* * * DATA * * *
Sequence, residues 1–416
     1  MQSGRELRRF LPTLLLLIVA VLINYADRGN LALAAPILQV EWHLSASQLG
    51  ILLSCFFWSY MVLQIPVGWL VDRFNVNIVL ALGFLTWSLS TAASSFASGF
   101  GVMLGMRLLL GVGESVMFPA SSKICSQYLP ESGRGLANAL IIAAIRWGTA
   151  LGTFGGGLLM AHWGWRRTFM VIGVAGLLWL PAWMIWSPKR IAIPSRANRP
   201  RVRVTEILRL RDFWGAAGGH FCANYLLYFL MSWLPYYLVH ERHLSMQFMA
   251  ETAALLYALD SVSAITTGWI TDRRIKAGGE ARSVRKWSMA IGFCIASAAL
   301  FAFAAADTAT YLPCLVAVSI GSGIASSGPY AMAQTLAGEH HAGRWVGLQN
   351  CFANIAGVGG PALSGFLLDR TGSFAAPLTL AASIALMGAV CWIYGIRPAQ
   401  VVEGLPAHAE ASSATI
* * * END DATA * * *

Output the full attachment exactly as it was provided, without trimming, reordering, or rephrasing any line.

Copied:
Sequence, residues 1–416
     1  MQSGRELRRF LPTLLLLIVA VLINYADRGN LALAAPILQV EWHLSASQLG
    51  ILLSCFFWSY MVLQIPVGWL VDRFNVNIVL ALGFLTWSLS TAASSFASGF
   101  GVMLGMRLLL GVGESVMFPA SSKICSQYLP ESGRGLANAL IIAAIRWGTA
   151  LGTFGGGLLM AHWGWRRTFM VIGVAGLLWL PAWMIWSPKR IAIPSRANRP
   201  RVRVTEILRL RDFWGAAGGH FCANYLLYFL MSWLPYYLVH ERHLSMQFMA
   251  ETAALLYALD SVSAITTGWI TDRRIKAGGE ARSVRKWSMA IGFCIASAAL
   301  FAFAAADTAT YLPCLVAVSI GSGIASSGPY AMAQTLAGEH HAGRWVGLQN
   351  CFANIAGVGG PALSGFLLDR TGSFAAPLTL AASIALMGAV CWIYGIRPAQ
   401  VVEGLPAHAE ASSATI